Because of the limited number of beds, healthcare professionals and ventilators, hospitals cannot handle too many sick Covid-19 cases at once. This leads to an increased number of deaths of both Covid-19 patients and other patients who seek care because of trauma or other problems.

Because the system gets overwhelmed and breaks down, the risk of infections spreading in healthcare workers and other patients goes up as well, creating a vicious cycle.

R0, CASE DOUBLING, AND THE ANATOMY OF AN EPIDEMIC

R0 (pronounced R-naught) is an epidemiologic term that refers to the average number of people that one sick person goes on to infect. It is used to predict how far an epidemic might spread in a population with no natural immunity to the virus.

The currently believed R0 for the SAR-CoV-2 virus is about three.

At the time of this writing (March 21, afternoon), the total number of official Covid-19 cases in Pakistan is 510. Which means people who will be or might already have been infected by these cases is around 1,530.

Every single person of these 1,530 could be a disease cluster.

Keep in mind that this is likely a vastly under-diagnosed number because of very limited testing capability.

Now, as Dr Liz Specht, an engineer and Director of Science & Technology at The Good Food Institute recently observed, cases usually double “every 6 days (… a typical doubling time across several epidemiological studies).”

This means that without aggressive containment measures, even these original 510 cases will lead to:

March 27 — 1,020 cases

April 2 — 2,040 cases

April 8 — 4,080 cases

and so on.

By April 14th, Pakistan may have 8,160 confirmed cases

By May 2nd, 65,280 cases

By June 1st, more than two million confirmed cases of Covid-19

This is the most conservative, best-case scenario because we haven’t factored in the fact that at any given time, the actual cases in a population are around 8-10 times more than the lab-confirmed cases.

Which could mean up to 81,160 actual infected cases by mid-April and over 20 million (2 crore) by June.

Do we honestly believe we have enough hospital beds, facemasks, mechanical ventilators, and healthcare workers prepared for such a massive healthcare burden?

Similar actual case numbers (80,000 infected) for mid-April were calculated by analysts Osama Rizvi and Ahsan Zahid who used a mathematical model proposed by engineer and data analyst Tomas Pueyo.

Rizvi and Zahid also predicted a massive shortage of beds in all the provinces of Pakistan as the number of infected patients rises, which can be seen in the graph above: As number of days pass, the red curve (number of true cases) hits 80,000 by mid-April, juxtaposed to the total number (132,227) of available hospital beds in Pakistan, (many of which, independent of Covid-19 cases, are already in use at any given time).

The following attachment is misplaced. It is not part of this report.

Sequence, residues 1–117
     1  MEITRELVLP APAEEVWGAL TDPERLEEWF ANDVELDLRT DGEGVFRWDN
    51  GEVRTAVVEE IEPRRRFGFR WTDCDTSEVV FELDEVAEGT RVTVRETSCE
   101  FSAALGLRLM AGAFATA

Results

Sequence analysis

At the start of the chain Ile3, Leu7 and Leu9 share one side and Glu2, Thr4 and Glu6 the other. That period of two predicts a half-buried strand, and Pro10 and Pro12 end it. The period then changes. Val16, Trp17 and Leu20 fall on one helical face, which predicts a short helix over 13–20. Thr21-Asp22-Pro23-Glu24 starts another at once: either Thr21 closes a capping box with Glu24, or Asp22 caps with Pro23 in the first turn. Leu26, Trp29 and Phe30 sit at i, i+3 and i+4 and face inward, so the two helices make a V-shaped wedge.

And as we all know, by May/June, dengue will be back in Pakistan with a vengeance.

Dr Specht has predicted that, by July 2020, between two to six billion people around the world will be afflicted with Covid-19. We are looking at massive healthcare failures all around the world and especially in Pakistan before the end of summer, if mass testing and severe containment measures, including social distancing, are not undertaken now.

Some of the dread is because we do not understand the enemy.

How did the likely zoonotic virus cross over from animal to human?

On December 30, 2019, three lung washing samples were collected from a patient in Wuhan Jinyintan Hospital who had pneumonia of unknown cause. The samples tested positive for a new Coronavirus strain, whose genetic analysis was most closely related to the bat SARS-like Coronavirus strain. The virus was named Severe Acute Respiratory Syndrome Coronavirus 2 (SARS-CoV-2) and the illness it causes was named Coronavirus Disease (Covid-19).

How is it transmitted?

The Centers for Disease Control and Prevention (CDC) in America believes respiratory droplets are the likeliest mode of transmission. When an infected person coughs or sneezes, droplets splatter on surfaces or another person’s body. This means you would need to be in close contact (within six feet) of a person or touch those droplets to get infected. However, a recent study reports small droplets could remain airborne and infective for up to three hours. That means the droplets could be inhaled in; which means the virus can be transmitted as an airborne infection.

Why is the incubation period a problem?

Unlike SARS or H1N1 Influenza (common flu), with Covid-19 you could have zero symptoms for up to five days and still be shedding the virus and infecting others. This means you might believe you’re healthy since you have no fever, dry cough or shortness of breath. In the absence of aggressive social distancing you might decide to visit the gym or your local mall and scatter a hundred thousand viral particles or droplets in the area, never knowing you were the vector of disease.

Why does Pakistan have such a low number of cases?